Assuming no tie. It's the prob of throwing 6 coins and get 3 head and 3 tails, which is (6!/3!3!)/2^6 = 20/2^6 = 5/16 Moins

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to clear up any misconceptions, since there seem to be multiple answers here. 5/16 is the correct result Moins

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Whoever wins the first game does not matter, as it could be either team with a lead after 1 game, so it's the next 5 games that matter. There are 2^5 or 32 possible outcomes for those games. The outcomes for the team that won game 1 that will force a game 7 are WWLLL, WLWLL, WLLWL, WLLLW, LWWLL, LWLWL, LWLLW, LLWWL, LLWLW, LLLWW. This is 10/32 or 5/16. Moins

### If you flip a coin until you decide to stop and you want to maximize the ratio of heads to total flips, what is that expected ratio?

13 réponses↳

The answer should be 3/4 because there's a 1/2 chance you will stop at 1:1, the maximum ratio. The other half of the time you will play until the ratio approaches 1:2. So (1/2)(1/1)+(1/2)(1/2)=3/4. Moins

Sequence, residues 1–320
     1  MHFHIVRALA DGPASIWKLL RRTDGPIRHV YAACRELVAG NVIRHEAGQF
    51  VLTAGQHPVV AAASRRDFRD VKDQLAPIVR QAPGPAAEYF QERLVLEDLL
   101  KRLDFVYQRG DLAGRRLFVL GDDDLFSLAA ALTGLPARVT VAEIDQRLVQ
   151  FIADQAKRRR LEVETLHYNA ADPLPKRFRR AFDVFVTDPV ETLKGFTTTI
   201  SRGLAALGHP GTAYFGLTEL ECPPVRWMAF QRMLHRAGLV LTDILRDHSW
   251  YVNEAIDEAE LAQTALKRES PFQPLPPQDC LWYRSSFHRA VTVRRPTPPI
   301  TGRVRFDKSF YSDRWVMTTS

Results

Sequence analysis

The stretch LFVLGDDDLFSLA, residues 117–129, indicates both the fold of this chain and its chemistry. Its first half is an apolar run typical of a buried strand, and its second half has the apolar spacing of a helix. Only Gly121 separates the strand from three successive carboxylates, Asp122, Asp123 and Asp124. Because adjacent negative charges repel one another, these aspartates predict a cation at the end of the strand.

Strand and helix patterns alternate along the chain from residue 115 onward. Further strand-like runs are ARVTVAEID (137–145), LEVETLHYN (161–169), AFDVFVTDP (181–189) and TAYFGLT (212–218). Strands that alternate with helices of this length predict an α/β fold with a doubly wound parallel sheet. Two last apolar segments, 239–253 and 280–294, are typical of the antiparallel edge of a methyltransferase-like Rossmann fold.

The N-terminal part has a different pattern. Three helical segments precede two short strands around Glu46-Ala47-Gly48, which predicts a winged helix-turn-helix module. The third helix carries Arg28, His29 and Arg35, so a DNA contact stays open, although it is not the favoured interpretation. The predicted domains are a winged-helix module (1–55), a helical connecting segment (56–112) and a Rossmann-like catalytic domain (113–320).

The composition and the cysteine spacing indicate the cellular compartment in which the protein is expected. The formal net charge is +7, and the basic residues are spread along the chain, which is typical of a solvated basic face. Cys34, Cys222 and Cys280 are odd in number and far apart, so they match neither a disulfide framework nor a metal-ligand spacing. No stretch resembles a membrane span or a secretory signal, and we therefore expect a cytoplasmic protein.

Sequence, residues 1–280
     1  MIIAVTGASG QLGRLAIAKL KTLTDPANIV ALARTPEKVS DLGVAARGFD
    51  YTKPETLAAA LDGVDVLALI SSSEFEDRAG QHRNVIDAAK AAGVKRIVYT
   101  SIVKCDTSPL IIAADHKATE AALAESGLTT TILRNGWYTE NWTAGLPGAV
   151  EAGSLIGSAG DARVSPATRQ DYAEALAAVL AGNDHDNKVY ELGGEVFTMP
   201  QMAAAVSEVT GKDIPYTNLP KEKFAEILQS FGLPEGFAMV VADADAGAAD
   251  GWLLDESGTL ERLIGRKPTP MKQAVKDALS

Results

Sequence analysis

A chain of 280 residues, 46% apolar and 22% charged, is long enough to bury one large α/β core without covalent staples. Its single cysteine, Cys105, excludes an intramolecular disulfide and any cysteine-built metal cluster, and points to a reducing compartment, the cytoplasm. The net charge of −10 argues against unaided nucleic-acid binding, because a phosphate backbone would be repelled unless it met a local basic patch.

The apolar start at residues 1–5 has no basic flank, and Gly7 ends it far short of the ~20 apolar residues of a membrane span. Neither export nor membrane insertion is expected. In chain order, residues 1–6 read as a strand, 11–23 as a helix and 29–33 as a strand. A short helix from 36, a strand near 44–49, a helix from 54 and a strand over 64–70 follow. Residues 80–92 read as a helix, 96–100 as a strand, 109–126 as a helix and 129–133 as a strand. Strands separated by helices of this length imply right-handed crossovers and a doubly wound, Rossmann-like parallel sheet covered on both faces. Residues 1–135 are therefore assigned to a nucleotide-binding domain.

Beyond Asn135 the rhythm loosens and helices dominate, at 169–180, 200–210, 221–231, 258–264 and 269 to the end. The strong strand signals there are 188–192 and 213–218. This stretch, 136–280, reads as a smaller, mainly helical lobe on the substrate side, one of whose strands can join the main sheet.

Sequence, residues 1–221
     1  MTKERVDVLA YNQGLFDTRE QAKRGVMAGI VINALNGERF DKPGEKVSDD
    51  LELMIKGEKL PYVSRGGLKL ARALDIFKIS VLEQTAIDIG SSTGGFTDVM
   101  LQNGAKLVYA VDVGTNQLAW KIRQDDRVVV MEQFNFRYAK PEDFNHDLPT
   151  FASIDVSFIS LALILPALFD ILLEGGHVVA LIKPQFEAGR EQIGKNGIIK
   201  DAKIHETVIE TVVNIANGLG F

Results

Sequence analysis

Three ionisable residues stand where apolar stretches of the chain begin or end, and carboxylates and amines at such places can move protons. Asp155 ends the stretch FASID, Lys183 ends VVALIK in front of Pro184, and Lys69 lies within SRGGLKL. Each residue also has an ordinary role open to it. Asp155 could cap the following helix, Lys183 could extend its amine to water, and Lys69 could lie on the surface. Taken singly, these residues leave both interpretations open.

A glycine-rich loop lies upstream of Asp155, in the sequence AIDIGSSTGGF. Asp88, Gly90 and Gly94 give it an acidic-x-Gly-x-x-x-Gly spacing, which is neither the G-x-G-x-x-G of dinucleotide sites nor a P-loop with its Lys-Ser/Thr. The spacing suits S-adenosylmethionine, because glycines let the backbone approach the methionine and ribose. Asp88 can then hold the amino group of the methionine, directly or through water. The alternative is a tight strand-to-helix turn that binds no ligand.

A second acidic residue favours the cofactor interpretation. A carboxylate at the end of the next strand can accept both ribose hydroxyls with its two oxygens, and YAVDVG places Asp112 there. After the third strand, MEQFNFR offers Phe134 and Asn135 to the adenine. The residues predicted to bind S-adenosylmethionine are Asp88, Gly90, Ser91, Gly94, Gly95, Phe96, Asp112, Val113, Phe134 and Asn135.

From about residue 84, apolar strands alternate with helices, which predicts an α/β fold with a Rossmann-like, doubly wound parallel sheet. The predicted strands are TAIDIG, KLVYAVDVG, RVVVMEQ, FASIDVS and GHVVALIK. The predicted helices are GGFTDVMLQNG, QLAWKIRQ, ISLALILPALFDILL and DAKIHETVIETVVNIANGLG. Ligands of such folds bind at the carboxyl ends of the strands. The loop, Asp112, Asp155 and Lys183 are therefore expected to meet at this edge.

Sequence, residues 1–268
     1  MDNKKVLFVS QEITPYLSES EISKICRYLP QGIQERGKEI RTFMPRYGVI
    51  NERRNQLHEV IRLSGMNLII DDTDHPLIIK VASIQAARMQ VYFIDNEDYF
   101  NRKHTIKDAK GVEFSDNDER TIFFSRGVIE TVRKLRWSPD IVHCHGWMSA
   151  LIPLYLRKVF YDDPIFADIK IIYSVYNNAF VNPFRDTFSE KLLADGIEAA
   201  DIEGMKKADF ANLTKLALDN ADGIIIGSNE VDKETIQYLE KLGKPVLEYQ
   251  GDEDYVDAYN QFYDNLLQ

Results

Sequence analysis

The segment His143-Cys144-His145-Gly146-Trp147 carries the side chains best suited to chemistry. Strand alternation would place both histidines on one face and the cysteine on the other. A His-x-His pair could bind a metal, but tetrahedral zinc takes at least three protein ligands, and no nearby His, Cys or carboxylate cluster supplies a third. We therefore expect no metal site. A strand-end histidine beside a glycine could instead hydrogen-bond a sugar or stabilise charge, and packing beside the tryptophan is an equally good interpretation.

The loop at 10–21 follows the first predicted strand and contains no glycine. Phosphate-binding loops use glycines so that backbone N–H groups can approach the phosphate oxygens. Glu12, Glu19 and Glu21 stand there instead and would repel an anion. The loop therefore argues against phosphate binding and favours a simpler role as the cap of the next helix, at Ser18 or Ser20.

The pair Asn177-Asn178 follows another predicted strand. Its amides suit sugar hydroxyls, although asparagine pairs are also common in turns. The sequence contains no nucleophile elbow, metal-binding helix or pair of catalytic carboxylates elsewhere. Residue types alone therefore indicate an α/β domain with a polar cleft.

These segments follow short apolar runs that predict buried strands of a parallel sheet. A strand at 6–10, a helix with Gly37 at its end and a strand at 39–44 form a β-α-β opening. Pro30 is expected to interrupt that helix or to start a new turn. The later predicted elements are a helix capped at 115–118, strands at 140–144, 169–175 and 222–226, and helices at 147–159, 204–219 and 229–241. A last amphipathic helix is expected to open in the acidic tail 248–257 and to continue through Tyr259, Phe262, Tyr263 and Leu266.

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The strategy is to stop whenever the total number of heads is greater than or equal to the total number of tails. If we get a head at the beginning, stop, and the ratio is 1. Otherwise, continue until we have equal amount of heads and tails, and we will end up with ratio 1/2 Consider the cases where we never stop, that corresponds to the subset of infinite sequences of coin tosses where at any given place, there are more tails than heads. Such a subset of events should have probability measure zero (Law of Large Numbers). Namely, if we keep tossing the coin, we are almost always guaranteed to reach the point where we have equal amount of heads and tails. Thus the expected ratio will be 1*1/2 + 1/2*1/2 = 3/4 Moins